When Mikhail Gorbachev came to power in the Soviet Union in March 1985, the country had already been steeped in oppression, secrecy, and suspicion for over six decades. Gorbachev wanted to change that.
Within his first few years as general secretary of the Soviet Union, Gorbachev instituted the policies of glasnost ("openness") and perestroika ("restructuring"), which opened the door to criticism and change. These were revolutionary ideas in the stagnant Soviet Union and would ultimately destroy it.
What Was Glasnost?
Glasnost, which translates to "openness" in English, was General Secretary Mikhail Gorbachev's policy for a new, open policy in the Soviet Union where people could freely express their opinions.
With glasnost, Soviet citizens no longer had to worry about neighbors, friends, and acquaintances turning them into the KGB for whispering something that could be construed as criticism of the government or its leaders. They no longer had to worry about arrest and exile for a negative thought against the State.
Glasnost allowed the Soviet people to reexamine their history, voice their opinions on governmental policies, and receive news not pre-approved by the government.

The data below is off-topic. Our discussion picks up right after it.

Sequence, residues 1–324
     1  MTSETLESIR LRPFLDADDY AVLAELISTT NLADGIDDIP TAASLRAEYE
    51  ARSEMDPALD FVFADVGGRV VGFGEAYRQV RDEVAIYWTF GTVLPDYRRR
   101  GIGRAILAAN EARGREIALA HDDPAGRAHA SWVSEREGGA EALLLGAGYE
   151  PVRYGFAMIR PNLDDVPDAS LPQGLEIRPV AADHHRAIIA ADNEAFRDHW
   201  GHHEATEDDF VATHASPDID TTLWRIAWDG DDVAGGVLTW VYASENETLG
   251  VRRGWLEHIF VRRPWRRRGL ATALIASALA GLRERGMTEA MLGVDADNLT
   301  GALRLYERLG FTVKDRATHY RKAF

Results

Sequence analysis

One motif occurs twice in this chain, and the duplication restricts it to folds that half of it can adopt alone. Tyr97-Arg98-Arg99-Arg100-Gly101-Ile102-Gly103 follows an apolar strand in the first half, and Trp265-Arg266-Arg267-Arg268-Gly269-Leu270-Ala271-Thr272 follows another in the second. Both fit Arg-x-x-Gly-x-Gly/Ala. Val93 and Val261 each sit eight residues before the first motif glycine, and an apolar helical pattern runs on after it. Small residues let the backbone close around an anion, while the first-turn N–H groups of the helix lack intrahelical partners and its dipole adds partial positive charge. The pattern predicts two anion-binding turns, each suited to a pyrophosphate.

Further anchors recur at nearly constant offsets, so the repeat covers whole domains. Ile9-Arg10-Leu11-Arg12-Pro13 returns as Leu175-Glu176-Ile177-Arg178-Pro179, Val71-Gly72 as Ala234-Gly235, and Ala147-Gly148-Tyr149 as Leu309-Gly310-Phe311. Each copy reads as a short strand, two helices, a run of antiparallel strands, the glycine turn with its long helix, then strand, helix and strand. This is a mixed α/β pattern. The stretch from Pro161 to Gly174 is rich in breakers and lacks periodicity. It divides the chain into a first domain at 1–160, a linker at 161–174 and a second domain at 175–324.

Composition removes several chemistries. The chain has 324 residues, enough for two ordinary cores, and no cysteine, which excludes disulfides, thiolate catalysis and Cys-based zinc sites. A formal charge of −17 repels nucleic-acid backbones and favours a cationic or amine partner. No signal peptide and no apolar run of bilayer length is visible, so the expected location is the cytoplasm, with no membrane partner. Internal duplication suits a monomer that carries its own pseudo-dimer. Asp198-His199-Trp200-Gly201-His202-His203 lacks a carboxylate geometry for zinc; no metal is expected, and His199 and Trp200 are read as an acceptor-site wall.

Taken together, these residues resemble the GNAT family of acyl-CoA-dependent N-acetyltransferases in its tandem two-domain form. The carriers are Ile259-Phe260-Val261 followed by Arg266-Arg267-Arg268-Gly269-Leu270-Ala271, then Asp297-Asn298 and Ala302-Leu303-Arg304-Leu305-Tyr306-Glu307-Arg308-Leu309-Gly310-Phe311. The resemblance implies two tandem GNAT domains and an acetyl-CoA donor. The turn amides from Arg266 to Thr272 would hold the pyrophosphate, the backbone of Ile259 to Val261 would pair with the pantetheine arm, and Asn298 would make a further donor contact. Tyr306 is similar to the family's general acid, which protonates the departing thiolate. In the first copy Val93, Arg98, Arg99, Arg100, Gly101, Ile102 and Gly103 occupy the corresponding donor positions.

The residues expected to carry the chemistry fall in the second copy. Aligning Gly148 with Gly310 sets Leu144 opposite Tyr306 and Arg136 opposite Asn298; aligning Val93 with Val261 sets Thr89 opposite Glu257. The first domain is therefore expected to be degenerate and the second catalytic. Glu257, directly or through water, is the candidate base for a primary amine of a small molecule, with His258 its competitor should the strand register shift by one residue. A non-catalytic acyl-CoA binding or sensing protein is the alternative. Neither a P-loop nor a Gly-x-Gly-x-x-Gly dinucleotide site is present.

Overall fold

What Was Perestroika?
Perestroika, which in English translates to "restructuring," was Gorbachev's program to restructure the Soviet economy in an attempt to revitalize it.
To restructure, Gorbachev decentralized the controls over the economy, effectively lessening the government's role in the decision-making processes of individual enterprises. Perestroika also hoped to improve production levels by bettering the lives of workers, including giving them more recreation time and safer working conditions.
The overall perception of work in the Soviet Union was to be changed from corruption to honesty, from slacking to hard work. Individual workers, it was hoped, would take a personal interest in their work and would be rewarded for helping to better production levels.
Did These Policies Work?
Gorbachev's policies of glasnost and perestroika changed the fabric of the Soviet Union. It allowed citizens to clamor for better living conditions, more freedoms, and an end to Communism.
While Gorbachev had hoped his policies would revitalize the Soviet Union, they instead destroyed it. By 1989, the Berlin Wall fell and by 1991, the Soviet Union disintegrated. What had once been a single country, became 15 separate republics.